I looked into leaving the boat in Newfoundland for the winter, but have a bunch of stuff to do to it and decided it was better to stay aboard for the winter.
East River
Tue Oct 5 22:16:07 EDT 2010, East River, New York City, NY, USA

East River
Tue Oct 5 9:40:35 EDT 2010, East River, New York City, NY, USA

We had a pleasant motor thru the East River. The airplane in the picture is approaching the landing strip at La Guardia airport in Queens.

Tue Oct 5 14:40:53 EDT 2010 | Dan B
Farther from Nannuk Harbor, I believe they call them "runways". :-) Nice to see that you're in town! I looked towards Liberty Marina, but couldn't spot Issuma.
Tue Oct 5 22:05:13 EDT 2010 | Richard Hudson
I guess with the planes landing one minute apart you do need to call them runways :).

Issuma is currently anchored in the Hudson River around 100th street.
Tue Oct 5 23:44:43 EDT 2010 | bonnie
Welcome back!
Wed Oct 6 10:06:06 EDT 2010 | Richard Hudson
Thanks. It is nice to be back (even if only for a short time).
A Beautiful Day
Fri Oct 1 12:33:07 EDT 2010, Long Island Sound, USA

We sailed into the eastern end of Long Island Sound just ahead of strong southerly winds (a close-hauled course for us). We had just gotten around Orient Point (at the entrance to the sound) when the wind picked up, and the current started to turn against us. We continued for a few miles, then anchored off the beach for six hours until we had favorable current again. Then we sailed on until the current turned again, anchored and continued again when the current became favorable.

While underway, the forecast changed from merely strong southerly winds to a tornado watch, but fortunately we did not encounter anything more than a near gale and rain.

In Labrador, it seemed that people described almost any day as a Beautiful Day (it was more of a greeting than a description, though), so I thought that was an appropriate title for a day with wind that can be sailed in and enough rain to compensate for the otherwise overly warm temperature.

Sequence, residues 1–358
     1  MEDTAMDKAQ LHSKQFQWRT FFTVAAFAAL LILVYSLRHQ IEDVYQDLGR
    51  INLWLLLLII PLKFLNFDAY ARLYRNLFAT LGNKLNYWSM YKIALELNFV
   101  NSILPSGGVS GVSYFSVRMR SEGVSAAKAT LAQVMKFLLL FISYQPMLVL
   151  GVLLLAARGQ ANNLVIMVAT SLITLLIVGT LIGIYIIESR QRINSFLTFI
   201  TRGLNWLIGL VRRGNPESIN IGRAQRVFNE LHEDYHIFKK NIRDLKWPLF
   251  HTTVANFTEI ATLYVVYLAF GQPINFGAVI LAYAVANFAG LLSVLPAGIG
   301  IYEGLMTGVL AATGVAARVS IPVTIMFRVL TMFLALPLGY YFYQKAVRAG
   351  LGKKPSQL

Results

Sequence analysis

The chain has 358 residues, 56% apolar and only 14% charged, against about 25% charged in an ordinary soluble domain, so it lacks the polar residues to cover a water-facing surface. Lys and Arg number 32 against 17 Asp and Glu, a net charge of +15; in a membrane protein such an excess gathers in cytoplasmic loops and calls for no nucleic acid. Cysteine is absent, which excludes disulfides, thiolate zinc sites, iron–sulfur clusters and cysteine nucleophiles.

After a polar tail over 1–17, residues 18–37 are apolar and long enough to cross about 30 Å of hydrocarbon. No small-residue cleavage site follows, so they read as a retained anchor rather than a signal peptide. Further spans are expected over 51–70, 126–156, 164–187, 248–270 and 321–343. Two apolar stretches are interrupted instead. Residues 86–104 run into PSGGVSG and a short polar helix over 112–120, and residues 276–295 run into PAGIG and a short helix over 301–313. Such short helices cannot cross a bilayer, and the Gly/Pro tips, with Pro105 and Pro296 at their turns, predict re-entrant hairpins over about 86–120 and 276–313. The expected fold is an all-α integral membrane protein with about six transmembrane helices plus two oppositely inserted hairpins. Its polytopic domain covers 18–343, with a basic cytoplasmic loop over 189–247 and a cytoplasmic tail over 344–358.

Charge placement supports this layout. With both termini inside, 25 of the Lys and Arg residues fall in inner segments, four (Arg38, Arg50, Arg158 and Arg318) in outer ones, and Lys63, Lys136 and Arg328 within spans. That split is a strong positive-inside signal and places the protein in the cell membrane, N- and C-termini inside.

Fri Oct 1 14:38:25 EDT 2010 | Gabriela
Gee, this looks like a pretty painful moment...
I wonder what was in my mind at that moment because I cannot recall to have had neither painful nor scary moments while we sailed on Long Island Sound. Actually, the near Gale on Long Island Sound was more like a piece of cake comparing to the strong winds we (me and Richard) encountered crossing the Golf of Maine.
Fri Oct 1 15:01:52 EDT 2010 | Gabriela
Yes, despite the near Gale winds and the 35 knots gusts we had on the Long Island Sound, sailing was fun and exiting on that beautiful day. Adrenaline rushing! :)
Correction on misspelled Gulf of Maine.
Fri Oct 1 16:43:43 EDT 2010 | George Ray
I think that people who sail small boats to the vicinity of the Arctic Circle can spell any word any way they wish.
Fri Oct 1 23:47:17 EDT 2010 | Gabriela
Thanks for your support George!

Actually as I recall now, my expression must have been the reaction to the pretty strong, nasty gust we had sailing on the L.I. S.
Sat Oct 2 1:51:36 EDT 2010 | Yann Sergent
nice to know you are back home!
Sun Oct 3 23:00:54 EDT 2010 | Gabriela
Here is why I think that the winds we encountered on Long Island Sound were more like a piece of cake compare to the wind we faced sailing on the Gulf of Maine during Hurricane Igor.

Well, Richard has been pretty subtle about this, but on August 4th, Chris had to get off in Hopedale. Since then, from Hopedale to Baffin Island and throughout most of our way back was only the three of us left; myself, Richard and Ted.